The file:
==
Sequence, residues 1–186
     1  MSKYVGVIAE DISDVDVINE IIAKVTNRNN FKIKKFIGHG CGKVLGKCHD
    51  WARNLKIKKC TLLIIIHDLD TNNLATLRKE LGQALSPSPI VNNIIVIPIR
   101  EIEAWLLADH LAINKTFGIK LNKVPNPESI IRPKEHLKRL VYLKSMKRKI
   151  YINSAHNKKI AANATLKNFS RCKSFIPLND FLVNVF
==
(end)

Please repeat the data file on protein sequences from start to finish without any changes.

Sequence, residues 1–186
     1  MSKYVGVIAE DISDVDVINE IIAKVTNRNN FKIKKFIGHG CGKVLGKCHD
    51  WARNLKIKKC TLLIIIHDLD TNNLATLRKE LGQALSPSPI VNNIIVIPIR
   101  EIEAWLLADH LAINKTFGIK LNKVPNPESI IRPKEHLKRL VYLKSMKRKI
   151  YINSAHNKKI AANATLKNFS RCKSFIPLND FLVNVF